When you look out your window at the snow-covered winter horizon, feelings of melancholy or perhaps even depression may wash over you. Winter ‘tis the season for a disorder known by the acronym SAD.
Seasonal Affect Disorder (SAD) afflicts a multitude of people during the bleak, gray months of winter, and planting some evergreens with bright berries in your landscape to look at during the winter months will brighten the landscape and lighten your mood.
The pops of evergreen and berry color in the white/gray background and attract wildlife for viewing pleasure to lift the boredom and ease the monotony of a white horizon. Consider planting some of these easy-to-grow evergreens to brighten the winter landscape, lift your mood and increase property value.
The boxwood (Buxus) has been aptly nick-named the most popular evergreen shrub in America because it shows up in so many landscapes across the country. Hardy in zones 5-8, easy-care growing habits, and evergreen leaves are the reason for its popularity. Boxwoods will reach a mature height of 15 feet tall by 15 feet wide if left untrimmed, but the evergreens are very easy to keep pruned and shaped to create an elegant hedgerow or living privacy fence.
The nandina (Nandina domestica) is a little and colorful shrub that produces year around color. The fern-like foliage starts out green in the spring, then changes to red, burgundy and bronze as the seasons change. Hardy in zones 6-10, nandina will reach a mature height of seven feet tall and four feet wide.
Not exactly an evergreen, but this medium-sized tree produces delicate white blooms in the spring and small, glossy red berries in the fall. The red berries remain on the tree all winter or until the wildlife eat them all off, whichever comes first. Washington Hawthorn (Crataegus phaenopyrum) grows to be about 30 feet tall when mature and is hardy in zones 3-8.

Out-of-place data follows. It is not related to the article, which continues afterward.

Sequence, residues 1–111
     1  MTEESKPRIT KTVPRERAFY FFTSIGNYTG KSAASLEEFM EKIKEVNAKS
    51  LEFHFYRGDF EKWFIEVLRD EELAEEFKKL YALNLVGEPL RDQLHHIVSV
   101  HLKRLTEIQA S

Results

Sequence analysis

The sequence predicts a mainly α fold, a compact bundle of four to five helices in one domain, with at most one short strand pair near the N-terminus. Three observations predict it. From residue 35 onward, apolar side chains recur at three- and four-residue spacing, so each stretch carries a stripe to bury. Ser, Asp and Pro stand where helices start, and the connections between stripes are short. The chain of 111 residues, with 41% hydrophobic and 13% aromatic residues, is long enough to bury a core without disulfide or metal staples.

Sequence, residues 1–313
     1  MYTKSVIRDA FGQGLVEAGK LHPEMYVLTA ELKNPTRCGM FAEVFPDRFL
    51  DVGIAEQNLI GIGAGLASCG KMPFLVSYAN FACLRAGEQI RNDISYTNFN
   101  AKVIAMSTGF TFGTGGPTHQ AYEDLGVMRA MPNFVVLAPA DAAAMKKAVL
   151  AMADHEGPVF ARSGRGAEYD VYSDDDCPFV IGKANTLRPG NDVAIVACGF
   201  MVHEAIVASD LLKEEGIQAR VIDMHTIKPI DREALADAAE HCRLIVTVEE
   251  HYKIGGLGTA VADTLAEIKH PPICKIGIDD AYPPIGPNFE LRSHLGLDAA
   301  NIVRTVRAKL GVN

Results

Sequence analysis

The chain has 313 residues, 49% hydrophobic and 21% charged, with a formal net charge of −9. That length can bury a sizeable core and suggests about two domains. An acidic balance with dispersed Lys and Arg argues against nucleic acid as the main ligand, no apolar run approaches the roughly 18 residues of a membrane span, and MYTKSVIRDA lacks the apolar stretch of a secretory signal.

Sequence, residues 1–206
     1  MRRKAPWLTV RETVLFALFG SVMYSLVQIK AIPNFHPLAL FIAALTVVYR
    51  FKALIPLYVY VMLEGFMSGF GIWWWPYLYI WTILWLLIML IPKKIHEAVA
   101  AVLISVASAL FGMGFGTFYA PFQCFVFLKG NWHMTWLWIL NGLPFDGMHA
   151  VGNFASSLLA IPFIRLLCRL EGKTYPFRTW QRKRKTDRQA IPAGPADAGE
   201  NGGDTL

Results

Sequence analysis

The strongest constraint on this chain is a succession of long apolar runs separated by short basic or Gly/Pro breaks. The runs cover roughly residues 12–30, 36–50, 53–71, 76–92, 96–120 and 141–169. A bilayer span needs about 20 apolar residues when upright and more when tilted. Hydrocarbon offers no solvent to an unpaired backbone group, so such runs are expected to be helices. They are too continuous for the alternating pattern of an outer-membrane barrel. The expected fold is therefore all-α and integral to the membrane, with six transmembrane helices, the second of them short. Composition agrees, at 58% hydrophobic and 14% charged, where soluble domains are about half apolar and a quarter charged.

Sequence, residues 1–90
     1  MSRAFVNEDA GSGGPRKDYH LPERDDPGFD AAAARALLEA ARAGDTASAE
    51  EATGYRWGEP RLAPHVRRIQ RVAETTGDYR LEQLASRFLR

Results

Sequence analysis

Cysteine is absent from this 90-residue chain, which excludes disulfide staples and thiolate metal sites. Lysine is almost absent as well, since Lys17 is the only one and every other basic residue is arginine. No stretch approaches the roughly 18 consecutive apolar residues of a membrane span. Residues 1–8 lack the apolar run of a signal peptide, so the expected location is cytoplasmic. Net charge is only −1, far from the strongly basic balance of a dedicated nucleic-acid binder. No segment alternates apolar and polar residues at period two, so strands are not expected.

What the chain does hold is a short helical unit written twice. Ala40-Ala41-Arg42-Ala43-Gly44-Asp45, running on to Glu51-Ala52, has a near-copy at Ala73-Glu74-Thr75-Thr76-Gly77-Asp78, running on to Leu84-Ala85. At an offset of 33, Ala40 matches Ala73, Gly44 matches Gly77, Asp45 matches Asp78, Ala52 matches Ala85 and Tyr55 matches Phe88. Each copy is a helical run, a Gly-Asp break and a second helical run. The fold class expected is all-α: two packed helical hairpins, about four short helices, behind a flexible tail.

A vibrantly colored semi-evergreen, the abelia (Abelia x grand flora) flowering shrub that grows in its own direction. The shrub reaches a mature size of six feet tall and six feet wide, with a few branches that may reach out to around ten feet in length.
In cold climates, the abelia shrub is a semi-evergreen and in warm climates, the shrub will drop all its leaves in fall. The green leaves and rose-colored, fragrant blooms borne on the long, arching branches of this shrub will brighten the early winter landscape in zone 3-9. Abelia is drought tolerant and grows well in poor soil.
Southern Wax Myrtle
Southern wax myrtle (Morella cerifera) is a large evergreen shrub that reaches a mature height of 20 feet. This fragrant shrub produces bluish-gray fruits in the fall and is hardy in zones 7-9. Another attribute about the souther was myrtle is its natural ability to repel mosquitos in the summer.
False cypress (Chamaecyparis) is the evergreen shrub with golden foliage. This evergreen brightens the winter landscape with its fine-textured, yellow-green foliage and fills the cold winter air with its fragrance. Hardy in zones 5-9 and reaching a mature height of 40 feet tall with a 30 feet spread, this evergreen shrub is a bird magnet that provides winter shelter for traveling birds and visual interest for the bird watcher in your home.
The stately evergreen magnolia (Magnolia) tree grows in a conical shape and produces large, white fragrant blooms. The glossy green leaves are often used in wreaths and garlands and are borne on sweeping branches that start at ground level with a 30 foot spread across the bottom and end at about a mature height of 50 feet. A wide variety of the magnolia species is available and grows in almost all zones.
The evergreen pine tree species range in size from dwarf to majestic, it all depends on the species planted. All pines have coarse-textured, fragrant evergreen needles that can be used in floral displays. Pine trees also develop various sizes of cones that wildlife finds tasty as winter treats. Hardy in zones 3-10, evergreen pine trees can be grown in containers or in the landscape.